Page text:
Understanding Six Sigma


“We are what we repeatedly do. Excellence, then, is not an act, but habit.” - Aristotle

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Six Sigma is a business management strategy originally developed by Motorola, USA in 1986. It was introduced by engineer Bill Smith while working at Motorola in 1986. The term Six Sigma originated from terminology associated with manufacturing, specifically terms associated with statistical modeling of manufacturing processes. Motorola set a goal of "six sigma" for all of its manufacturing operations, and this goal became a byword for the management and engineering practices used to achieve it.


Six Sigma seeks to improve the quality of process outputs by identifying and removing the causes of defects (errors) and minimizing variability in manufacturing and business processes. A six sigma process is one in which 99.99966% of the products manufactured are statistically expected to be free of defects (3.4 defects per million). The term "six sigma" comes from statistics and is used in statistical quality control, which evaluates process capability. Originally, it referred to the ability of manufacturing processes to produce a very high proportion of output within specification. Processes that operate with "six sigma quality" over the short term are assumed to produce long-term defect levels below 3.4 defects per million opportunities.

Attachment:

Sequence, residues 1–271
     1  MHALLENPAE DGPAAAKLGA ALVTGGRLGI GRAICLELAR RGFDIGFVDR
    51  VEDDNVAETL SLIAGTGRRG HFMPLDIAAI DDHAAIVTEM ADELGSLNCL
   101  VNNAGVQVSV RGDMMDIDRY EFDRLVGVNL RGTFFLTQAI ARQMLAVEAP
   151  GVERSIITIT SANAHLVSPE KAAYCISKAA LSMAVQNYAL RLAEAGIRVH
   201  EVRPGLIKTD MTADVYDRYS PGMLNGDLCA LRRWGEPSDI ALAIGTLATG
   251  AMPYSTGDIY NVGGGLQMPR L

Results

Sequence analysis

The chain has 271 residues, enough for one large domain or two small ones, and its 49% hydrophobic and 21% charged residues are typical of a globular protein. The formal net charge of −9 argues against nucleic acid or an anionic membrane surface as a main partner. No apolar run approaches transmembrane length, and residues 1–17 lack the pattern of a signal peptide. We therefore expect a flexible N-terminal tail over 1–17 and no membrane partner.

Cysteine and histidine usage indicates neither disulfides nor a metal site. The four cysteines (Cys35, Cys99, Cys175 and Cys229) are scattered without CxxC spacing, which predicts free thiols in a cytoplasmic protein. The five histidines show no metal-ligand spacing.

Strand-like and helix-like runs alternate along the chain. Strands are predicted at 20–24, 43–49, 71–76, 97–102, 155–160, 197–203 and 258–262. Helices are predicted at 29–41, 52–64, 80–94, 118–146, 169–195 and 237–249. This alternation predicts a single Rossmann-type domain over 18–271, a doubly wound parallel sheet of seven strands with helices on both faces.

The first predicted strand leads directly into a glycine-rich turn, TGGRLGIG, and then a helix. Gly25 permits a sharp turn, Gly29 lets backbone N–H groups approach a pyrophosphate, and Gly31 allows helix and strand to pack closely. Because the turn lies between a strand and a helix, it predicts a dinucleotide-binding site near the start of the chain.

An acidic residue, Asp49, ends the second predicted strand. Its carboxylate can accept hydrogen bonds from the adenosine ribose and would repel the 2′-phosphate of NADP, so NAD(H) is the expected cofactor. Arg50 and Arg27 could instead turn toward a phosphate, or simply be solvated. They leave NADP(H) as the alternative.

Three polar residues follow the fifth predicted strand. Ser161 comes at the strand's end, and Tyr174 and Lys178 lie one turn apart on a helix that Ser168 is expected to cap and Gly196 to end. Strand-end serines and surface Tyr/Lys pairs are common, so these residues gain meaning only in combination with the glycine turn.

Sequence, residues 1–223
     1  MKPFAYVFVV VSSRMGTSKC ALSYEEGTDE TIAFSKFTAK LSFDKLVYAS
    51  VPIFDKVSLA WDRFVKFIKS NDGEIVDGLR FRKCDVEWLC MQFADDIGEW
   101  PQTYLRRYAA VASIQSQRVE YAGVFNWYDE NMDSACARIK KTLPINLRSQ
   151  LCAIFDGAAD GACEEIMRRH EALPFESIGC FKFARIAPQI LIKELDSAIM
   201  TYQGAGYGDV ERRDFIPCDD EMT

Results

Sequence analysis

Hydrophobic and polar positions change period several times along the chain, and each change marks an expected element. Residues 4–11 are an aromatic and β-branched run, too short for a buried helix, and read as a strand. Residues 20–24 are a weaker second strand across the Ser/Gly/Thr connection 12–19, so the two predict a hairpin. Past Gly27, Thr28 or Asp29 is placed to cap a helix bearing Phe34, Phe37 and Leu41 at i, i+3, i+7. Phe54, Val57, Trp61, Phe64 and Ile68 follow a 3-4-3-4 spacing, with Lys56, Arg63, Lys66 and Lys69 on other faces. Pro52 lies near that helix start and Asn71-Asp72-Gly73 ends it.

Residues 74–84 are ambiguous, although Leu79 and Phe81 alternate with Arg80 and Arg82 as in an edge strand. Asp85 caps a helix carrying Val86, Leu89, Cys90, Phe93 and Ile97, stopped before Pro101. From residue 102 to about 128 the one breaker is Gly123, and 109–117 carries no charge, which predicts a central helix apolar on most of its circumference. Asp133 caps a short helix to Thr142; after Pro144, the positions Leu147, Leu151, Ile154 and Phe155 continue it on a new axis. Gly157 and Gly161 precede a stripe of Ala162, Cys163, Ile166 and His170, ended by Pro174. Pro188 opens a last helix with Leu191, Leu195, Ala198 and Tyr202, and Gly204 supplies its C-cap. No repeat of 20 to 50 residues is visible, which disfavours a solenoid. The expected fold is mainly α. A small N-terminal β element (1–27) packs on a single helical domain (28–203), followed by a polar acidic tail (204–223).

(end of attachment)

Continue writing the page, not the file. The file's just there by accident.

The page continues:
Six Sigma projects follow two project methodologies inspired by Deming's Plan-Do-Check-Act Cycle. These methodologies, composed of five phases each, bear the acronyms DMAIC and DMADV. DMAIC is used for projects aimed at improving an existing business process and DMADV is used for projects aimed at creating new product or process designs.

The DMAIC methodology has five phases-

  • Define the system, the voice of the customer and their requirements, and the project goals, specifically.
  • Measure key aspects of the current process and collect relevant data; calculate the 'as-is' Process Capability.
  • Analyze the data to investigate and verify cause-and-effect relationships. Determine what the relationships are, and attempt to ensure that all factors have been considered. Seek out root cause of the defect under investigation.
  • Improve or optimize the current process based upon data analysis using techniques such as design of experiments, poka yoke or mistake proofing, and standard work to create a new, future state process. Set up pilot runs to establish process capability.
  • Control the future state process to ensure that any deviations from the target are corrected before they result in defects. Implement control systems such as statistical process control, production boards, visual workplaces, and continuously monitor the process.

Some organizations add a Recognize step at the beginning, which is to recognize the right problem to work on, thus yielding an RDMAIC methodology.

The DMADV project methodology, known as DFSS (Design for Six Sigma), features five phases-

  • Define design goals that are consistent with customer demands and the enterprise strategy.

  • Measure and identify CTQs (characteristics that are Critical to Quality), measure product capabilities, production process capability, and measure risks.
  • Analyze to develop and design alternatives
  • Design an improved alternative, best suited per analysis in the previous step

  • Verify the design, set up pilot runs, implement the production process and hand it over to the process owner(s).